The Presidential Palace | Casa Rosada
Casa Rosada, the Presidential Palace is to Argentina what the White House is to us in the United States. While the President does not actually live in the palace, this is where his official business is conducted and where ceremonial activities take place. The pink-colored palace seen today has evolved over the centuries from the earliest days of the city, changing and expanding over time.
Casa Rosada sits at the eastern end of the Plaza de Mayo. The site, originally at the shoreline of the Río de la Plata, was first occupied by the “Fort of Juan Baltazar of Austria,” a structure built in 1594. It was replaced in 1713 by a masonry structure complete with turrets called Castle of San Miguel, which became the effective nerve center of colonial government. Following independence, President Bernardino Rivadavia had a Neoclassical portico built at the entrance in 1825, and the building remained unchanged until 1857, when the fort was demolished in favor of the new Taylor’s Customs House, an Italianate structure that was Buenos Aires’ largest building from 1859 until the 1890s.
The old fort’s administrative annex, which survived the construction of the Customs House, became the Presidential offices of Bartolomé Mitre in the 1860s. His successor, Domingo Sarmiento, improved the drab building with patios, gardens and wrought-iron grillwork, and had the exterior painted pink reportedly in order to defuse political tensions by mixing the
red and white colours of the country’s opposing political parties (red was the color of the Federales, while white was the color of the Unitarians). The Central Post Office next door was commissioned in 1873, and in 1882 the cramped State House was replaced with a building resembling the neighboring Central Post Office. In 1884 the two structures were joined together by the iconic Italianate archway that can be seen today. The resulting State House, still known as the “Pink House,” was completed in 1898 by expanding it to the east, requiring the destruction of Taylor’s Customs House.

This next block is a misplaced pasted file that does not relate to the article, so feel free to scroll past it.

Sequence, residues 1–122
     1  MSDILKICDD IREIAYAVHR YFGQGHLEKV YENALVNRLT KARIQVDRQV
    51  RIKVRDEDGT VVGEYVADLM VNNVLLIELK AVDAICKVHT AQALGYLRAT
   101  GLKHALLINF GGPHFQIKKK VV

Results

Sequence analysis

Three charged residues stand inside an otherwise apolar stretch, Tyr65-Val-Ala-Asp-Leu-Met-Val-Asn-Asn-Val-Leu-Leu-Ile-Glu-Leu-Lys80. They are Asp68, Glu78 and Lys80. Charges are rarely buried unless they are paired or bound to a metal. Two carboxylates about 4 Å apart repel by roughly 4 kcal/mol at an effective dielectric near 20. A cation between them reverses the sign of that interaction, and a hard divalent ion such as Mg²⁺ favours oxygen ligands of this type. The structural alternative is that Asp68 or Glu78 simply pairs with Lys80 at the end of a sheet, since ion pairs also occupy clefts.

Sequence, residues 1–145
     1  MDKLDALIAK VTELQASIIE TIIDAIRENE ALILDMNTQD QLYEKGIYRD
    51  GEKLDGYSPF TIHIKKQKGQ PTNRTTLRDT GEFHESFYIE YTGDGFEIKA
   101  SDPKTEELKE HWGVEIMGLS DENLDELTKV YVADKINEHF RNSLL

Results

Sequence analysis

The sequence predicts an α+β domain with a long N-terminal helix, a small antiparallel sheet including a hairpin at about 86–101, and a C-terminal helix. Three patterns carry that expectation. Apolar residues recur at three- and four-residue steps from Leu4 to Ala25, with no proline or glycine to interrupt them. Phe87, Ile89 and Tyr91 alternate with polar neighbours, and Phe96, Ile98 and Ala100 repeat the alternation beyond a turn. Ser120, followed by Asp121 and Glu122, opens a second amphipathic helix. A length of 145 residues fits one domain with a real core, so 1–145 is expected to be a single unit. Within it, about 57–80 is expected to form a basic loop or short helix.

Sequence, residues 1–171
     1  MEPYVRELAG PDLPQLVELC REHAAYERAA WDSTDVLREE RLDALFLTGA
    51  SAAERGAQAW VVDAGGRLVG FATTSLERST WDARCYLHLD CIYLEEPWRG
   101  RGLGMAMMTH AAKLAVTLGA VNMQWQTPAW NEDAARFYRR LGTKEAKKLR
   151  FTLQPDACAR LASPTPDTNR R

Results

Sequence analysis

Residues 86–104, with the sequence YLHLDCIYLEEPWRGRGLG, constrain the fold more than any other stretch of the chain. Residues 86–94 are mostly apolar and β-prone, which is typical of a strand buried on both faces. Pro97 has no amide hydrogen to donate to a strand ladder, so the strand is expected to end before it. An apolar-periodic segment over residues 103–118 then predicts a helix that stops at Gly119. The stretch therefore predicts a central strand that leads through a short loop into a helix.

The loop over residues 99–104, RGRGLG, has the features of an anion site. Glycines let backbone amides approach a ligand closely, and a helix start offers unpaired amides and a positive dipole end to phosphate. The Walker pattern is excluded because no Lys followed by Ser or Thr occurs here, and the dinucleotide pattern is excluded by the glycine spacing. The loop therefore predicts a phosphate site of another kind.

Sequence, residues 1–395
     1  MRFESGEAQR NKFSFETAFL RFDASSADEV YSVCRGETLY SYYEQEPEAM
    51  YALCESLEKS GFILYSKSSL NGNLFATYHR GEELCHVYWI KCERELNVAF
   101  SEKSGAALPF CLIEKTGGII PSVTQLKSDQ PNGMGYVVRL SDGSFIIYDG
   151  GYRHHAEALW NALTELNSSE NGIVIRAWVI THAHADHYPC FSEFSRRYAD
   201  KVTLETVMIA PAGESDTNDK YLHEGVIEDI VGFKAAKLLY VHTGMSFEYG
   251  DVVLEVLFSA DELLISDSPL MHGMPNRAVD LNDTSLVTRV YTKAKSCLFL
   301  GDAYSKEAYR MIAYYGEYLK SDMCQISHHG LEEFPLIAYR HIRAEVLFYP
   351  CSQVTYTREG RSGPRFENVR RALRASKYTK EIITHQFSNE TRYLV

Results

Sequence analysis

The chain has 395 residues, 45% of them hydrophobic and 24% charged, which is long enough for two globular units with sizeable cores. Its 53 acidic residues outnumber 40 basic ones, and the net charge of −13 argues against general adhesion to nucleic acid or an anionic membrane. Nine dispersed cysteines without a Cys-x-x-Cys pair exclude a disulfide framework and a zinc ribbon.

Eva Peron, First Lady during her husband Juan Peron’s presidency, continues to be one the country’s most popular political figures, at least in recent history. As we saw when visiting the Recoleta Cemetery, her family mausoleum is on everyone’s “must see” list. She is known for her passionate support of the underprivileged, working classes, and a strong proponent of women’s rights.
I demanded more rights for women because I know what women had to put up with.
We asked our guide about the movie Evita, and what we understood to be Argentinian’s displeasure with singer/actress Madonna’s performance as Eva Peron. He explained that it was not so much her performance, but rather the fact that she had convinced the President to allow her (of all people!) to film a scene on the actual balcony of Casa Rosada used by Eva Peron when she greeted the public or made speeches to the crowds in front of Plaza de Mayo. Surprisingly, the famous balcony was not the one on the front of the palace high above the large central arched entrance, but a smaller one on its north wing that extended out farther into the plaza so that she could be nearer to the people; no one had ever been permitted to step onto that “sacred ground” prior filming of the movie.